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General AV Effectiveness...?


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To what extent is MBAM - in particular the active protection paid version - effective against malware in the most general sense? By this I mean to include all "malware" - i.e. viruses, worms, trojans, keyloggers, rootkits, etc.......

Does one truly "need" an AV app in addition to MBAM...?

The use of layered protection may well be the "best" protection but, numerous protection apps have a overall effect of reducing system perfomance. The risk/reward scenario for the additional protection raises questions as to what incremental gain each layer is relative to the system performance reduction. Hence, what level total malware protection does MBAM achieve and to what degree is a system unprotected without additional security apps.....?

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Greetings Galileo.

One of the keys behind using a layered approach to security is picking the right software. They need to get along well and be low on resource usage. You can have a look at my signature to see what I run, and believe it or not, it has a negligable performance cost. I'm a gamer, heavy multitasker and do video editing and I have a very old dual core processor. You'll notice I'm not running MBAM in realtime, the reason isn't it's resource usage, it's due to the fact that it's currently incompatible with Vista 64 bit, but when it is, I'll have it running. The reason I believe in the layered approach is because I don't trust any one company to block every current threat out there at any given time.

For additional info about what MBAM detects and what it doesn't please have a look at this thread: http://www.malwarebytes.org/forums/index.php?showtopic=8068

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It would miss things like actual viruses, older infections commonly detected by most AV's and older spyware. But most, if not all of these should be detected by a good AV product. It also will generally only detect items that are "active", in other words the developers won't add some ancient piece of malware to the definitions if it's not even out there infecting anyone anymore. It's made this way to keep it light on resources and not conflict with AV software that's also running on a user's system.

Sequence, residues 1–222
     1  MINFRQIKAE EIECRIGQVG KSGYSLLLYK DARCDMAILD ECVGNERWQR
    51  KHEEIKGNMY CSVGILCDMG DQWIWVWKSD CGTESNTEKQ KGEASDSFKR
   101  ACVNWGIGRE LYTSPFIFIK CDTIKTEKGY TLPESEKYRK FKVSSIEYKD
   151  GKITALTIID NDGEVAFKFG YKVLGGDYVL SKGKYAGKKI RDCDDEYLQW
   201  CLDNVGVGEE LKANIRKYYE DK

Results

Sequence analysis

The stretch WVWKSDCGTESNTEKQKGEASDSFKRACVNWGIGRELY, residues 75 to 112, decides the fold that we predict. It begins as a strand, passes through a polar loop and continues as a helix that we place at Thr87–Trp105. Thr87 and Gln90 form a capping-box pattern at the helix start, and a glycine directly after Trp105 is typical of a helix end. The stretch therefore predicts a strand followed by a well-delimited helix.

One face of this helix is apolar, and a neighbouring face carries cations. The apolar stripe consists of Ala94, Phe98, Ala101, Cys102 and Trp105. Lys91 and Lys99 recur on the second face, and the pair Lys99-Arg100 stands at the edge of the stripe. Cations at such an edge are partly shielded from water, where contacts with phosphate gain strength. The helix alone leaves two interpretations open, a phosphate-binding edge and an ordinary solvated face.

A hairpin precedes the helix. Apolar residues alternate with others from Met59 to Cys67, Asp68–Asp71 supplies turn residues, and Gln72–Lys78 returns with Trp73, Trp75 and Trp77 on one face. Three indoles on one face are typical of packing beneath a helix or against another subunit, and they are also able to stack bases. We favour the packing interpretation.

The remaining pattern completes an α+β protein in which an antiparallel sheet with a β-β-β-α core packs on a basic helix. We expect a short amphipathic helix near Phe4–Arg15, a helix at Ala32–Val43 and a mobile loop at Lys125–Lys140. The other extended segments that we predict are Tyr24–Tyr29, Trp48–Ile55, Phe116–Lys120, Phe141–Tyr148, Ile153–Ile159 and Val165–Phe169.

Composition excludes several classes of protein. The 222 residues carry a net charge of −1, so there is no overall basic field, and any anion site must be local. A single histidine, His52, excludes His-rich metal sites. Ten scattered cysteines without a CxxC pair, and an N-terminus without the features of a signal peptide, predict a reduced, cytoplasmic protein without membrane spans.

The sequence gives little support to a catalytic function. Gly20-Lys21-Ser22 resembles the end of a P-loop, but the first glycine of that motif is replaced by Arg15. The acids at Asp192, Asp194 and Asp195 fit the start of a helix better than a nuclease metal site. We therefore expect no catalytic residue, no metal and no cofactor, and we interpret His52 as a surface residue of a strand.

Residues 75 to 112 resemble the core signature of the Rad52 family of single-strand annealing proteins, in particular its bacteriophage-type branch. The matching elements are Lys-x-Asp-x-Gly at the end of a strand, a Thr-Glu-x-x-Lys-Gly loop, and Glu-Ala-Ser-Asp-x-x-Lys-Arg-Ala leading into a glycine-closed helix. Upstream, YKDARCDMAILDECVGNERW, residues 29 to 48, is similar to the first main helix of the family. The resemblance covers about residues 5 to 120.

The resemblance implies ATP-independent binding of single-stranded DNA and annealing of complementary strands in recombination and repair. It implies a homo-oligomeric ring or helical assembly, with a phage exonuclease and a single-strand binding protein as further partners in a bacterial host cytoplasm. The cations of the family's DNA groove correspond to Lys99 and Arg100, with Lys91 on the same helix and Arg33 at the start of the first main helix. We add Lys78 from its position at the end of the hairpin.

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Thanks again for clarifying.

I have attempted to run MBAM (paid) concurrently with Threatfire (free). This results in a locked-up machine...their active protections do not play together apparently due to TF's methodology of hooking into the OS. The PCTools folks are studying this.

Any thoughts on the value of running MBAM and TF together? The PCTools folks are not familiar enough with MBAM to offer any comparisons of the two nor to identify areas of overlap of the two.

galileo

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Here's the scenario:

1. Install Threatfire free edition (current version) - note that this is real-time protection with on-demand scan capabilities.

2. Install MBAM free version - i.e. on-demand scan only.

3. Threatfire and MBAM coexist without any obvious issues. Each can conduct its own scans without issues.

4. Enable MBAM Protection Module (requires paid license) and reboot.......

5. On reboot the system enters Windows (desktop) and while finishing loading has a hard lock-up. Video remains intact/mouse locks/keyboard locks/CPU locks...hard power off is required - i.e. power switch or, the more brutal, power cord.

6. Boot to Safe Mode and uninstall either MBAM or TF and the system is happy again.

I have mentioned this over in the PCTools forum and djames responded that TF low level system hooking is probably conflicting with MBAM's real-time module. They will eventually get around to studying the issue but, they are embroiled in their current beta release and will likely not take a look at this until after TF 4.1 is issued...at least that's my guess.

I am running XP Pro SP3 + Windows Firewall + IE7 + WMP11 and NO OTHER AV/AS or sandbox or firewall - I am behind a router firewall...so, no other interference issues. Try it out and confirm this...but, you will need to go to Safe Mode and ininstall one of the two in order to get back into your system.

galileo

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